By Anne-Marie Roerink, Principal At 210 Analytics And Rick Stein, Vice President Of Fresh Foods At FMI
Produce is big, profitable and growing. In fact, produce sales are growing far ahead of most other departments as well as total edibles and the total store — giving credence to the perimeter outperforming center store. But how do you continue to grow a mature category with a household penetration of 98 percent? One way is finding strategies to move shoppers from lower to higher purchase frequencies by exploring new consumption occasions. These include increased produce snacking, juicing, smoothies and offering convenient solutions through value-added items.
For vegetables, the biggest consumption occasion remains dinner, followed by lunch. For fruit, the biggest occasions are snacking and breakfast. But as America is increasingly moving away from three traditional meals to more frequent, smaller meals, produce has an excellent opportunity to grow the number of snack occasions throughout the week. In fact, produce snacking is already ramping up. In 2014, IRI documented robust growth for both snack-size vegetables (with dollar gains of a 17-plus percent) and fruit snacks increasing by 9 percent.
Smoothies And Juicing
Other on-the-go produce solutions include juicing and smoothies. Currently, 33 percent of households prepare fruit smoothies at least on occasion, with 13 percent trying their hand at vegetable juicing.
These shares leave ample room for growth, and the industry is responding with convenient ready-to-blend mixes of fresh fruits and vegetables — borrowing a concept from the frozen aisle where these kinds of mixes have been offered for years. Smoothies and juicing are much more popular among families — as an easy way to introduce produce to young children. Organic shoppers are much more likely to prepare fruit and/or vegetable drinks.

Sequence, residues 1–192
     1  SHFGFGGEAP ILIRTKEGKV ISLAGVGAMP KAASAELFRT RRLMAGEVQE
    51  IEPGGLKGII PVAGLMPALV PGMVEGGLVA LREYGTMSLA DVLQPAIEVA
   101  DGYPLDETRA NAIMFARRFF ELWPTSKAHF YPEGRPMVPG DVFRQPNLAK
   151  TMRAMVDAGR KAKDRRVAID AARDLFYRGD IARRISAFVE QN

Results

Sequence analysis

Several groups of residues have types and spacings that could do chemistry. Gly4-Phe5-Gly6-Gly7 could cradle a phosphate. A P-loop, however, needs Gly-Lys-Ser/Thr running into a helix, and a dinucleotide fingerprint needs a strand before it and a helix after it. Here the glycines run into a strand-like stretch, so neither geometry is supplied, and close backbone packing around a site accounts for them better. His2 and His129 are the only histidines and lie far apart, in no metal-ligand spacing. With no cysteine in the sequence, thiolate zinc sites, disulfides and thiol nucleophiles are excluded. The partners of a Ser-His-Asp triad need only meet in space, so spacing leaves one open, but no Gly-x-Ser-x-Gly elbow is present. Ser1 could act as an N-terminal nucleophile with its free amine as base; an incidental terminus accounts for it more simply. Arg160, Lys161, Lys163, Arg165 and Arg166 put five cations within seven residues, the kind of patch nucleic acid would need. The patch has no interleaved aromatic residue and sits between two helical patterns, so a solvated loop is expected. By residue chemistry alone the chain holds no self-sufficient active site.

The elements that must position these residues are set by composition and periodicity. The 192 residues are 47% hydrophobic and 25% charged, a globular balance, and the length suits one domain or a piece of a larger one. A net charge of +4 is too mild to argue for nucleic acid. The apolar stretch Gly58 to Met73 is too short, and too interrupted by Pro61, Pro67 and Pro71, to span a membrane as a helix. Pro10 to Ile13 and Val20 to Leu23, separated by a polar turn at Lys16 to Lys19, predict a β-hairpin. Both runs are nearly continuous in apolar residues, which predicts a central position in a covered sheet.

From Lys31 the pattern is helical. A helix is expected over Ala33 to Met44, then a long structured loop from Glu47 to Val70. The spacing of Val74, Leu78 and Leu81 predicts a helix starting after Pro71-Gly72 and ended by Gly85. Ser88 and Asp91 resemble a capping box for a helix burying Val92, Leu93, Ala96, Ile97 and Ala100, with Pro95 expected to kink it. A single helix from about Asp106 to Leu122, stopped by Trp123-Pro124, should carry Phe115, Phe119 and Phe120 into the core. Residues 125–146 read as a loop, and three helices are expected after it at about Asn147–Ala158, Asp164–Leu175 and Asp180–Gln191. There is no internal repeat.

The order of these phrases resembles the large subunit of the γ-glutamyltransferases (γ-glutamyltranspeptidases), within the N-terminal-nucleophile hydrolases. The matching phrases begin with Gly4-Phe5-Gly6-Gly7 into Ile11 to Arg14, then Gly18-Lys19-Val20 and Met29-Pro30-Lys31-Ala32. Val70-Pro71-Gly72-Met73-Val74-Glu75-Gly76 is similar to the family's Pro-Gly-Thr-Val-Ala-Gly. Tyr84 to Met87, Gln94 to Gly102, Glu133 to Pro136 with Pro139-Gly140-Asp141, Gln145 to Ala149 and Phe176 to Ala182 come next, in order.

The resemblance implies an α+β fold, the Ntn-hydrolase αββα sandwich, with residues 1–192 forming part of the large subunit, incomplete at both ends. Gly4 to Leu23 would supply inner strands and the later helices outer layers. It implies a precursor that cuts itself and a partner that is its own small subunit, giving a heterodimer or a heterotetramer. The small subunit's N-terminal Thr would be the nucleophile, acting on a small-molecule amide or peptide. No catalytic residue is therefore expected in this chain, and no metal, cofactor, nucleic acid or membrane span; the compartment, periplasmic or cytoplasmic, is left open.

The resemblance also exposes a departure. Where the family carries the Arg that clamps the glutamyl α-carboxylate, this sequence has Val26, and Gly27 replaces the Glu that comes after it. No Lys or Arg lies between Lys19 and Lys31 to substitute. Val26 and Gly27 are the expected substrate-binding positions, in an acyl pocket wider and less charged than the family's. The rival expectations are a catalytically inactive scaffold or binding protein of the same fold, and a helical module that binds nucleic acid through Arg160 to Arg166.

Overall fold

Value-added fruit, which includes all items with some level of preparation (such as balled, chopped, chunked, cored, cubed, cut, diced, halved, pitted, shredded, etc.) is growing at a pace far ahead of the total market. In 2014, unprepared fruit gained 3.3 percent — versus 12.5 percent for value-added fruit. It is important to note, however, that value-added fruit makes up a relatively small share of dollars (8.7 percent or $2.6 billion) and an even smaller share of total pounds sold (4.2 percent or 0.9 billion pounds).
Value-added vegetables (which include chips, chopped, chunk, crowns, cut, hearts, microwave-ready, ready-to-cook, snack pack, sticks and so on) grew 4.5 percent, far ahead of unprepared vegetables, at 0.1 percent. Value-added vegetables make up about one-fifth of a dollar (22.3 percent or $6.4 billion).
In the Power of Produce survey, shoppers described their habits regarding value-added vegetable/fruit items. Forty-six percent of shoppers said they purchase value-added produce sometimes or regularly. Shopper groups that are currently more likely to purchase value-added produce are shoppers working full time — particularly those with children, higher-income households, and men. Others said they only purchase value-added produce when in a time crunch (8 percent) or for special occasions (6 percent).
At the same time, about four in 10 shoppers (38 percent) remained on the sidelines for one of two reasons: No. 1 was the cost (17 percent). One respondent explained price being a barrier as follows, “I’ve seen the products you talk about, but I’ve also seen the prices. I can usually do it for half as much myself. I prefer spending the money on a good dessert or meat.”
No. 2 was the preference to cut or prepare the items themselves (15 percent). The open-ended comments revealed a number of reasons: Several respondents addressed their lack of trust in the quality of the product. One respondent wrote, “I feel the fruit or vegetables are older. For instance, the pre-sliced mushrooms always look dried out.” Another said, “I occasionally buy the fruit platters for parties and such. But it seems to spoil very quickly.” One last comment in this area was, “I always wonder about the cleanliness! How do I know the employees used good kitchen practices?”
Other shoppers addressed the flavor profiles and preference to their own product choices. “I occasionally check out the bagged salads, but I don’t like the dressing flavors.” Another said, “The vegetable mixes seem handy, but they usually have something in them I don’t like. Since they’re so expensive, I wouldn’t want to toss half of it out.”
With cost being the bigger one of the obstacles among those who do not currently purchase value-added produce, promotions, private-brand offerings or meal BOGOs, there may be alternative ways to introduce these customers to the category.
Continued economic recovery is likely going to place more emphasis on on-the-go solutions, as well as drive the need for increased speed and convenience for the more traditional meal occasions.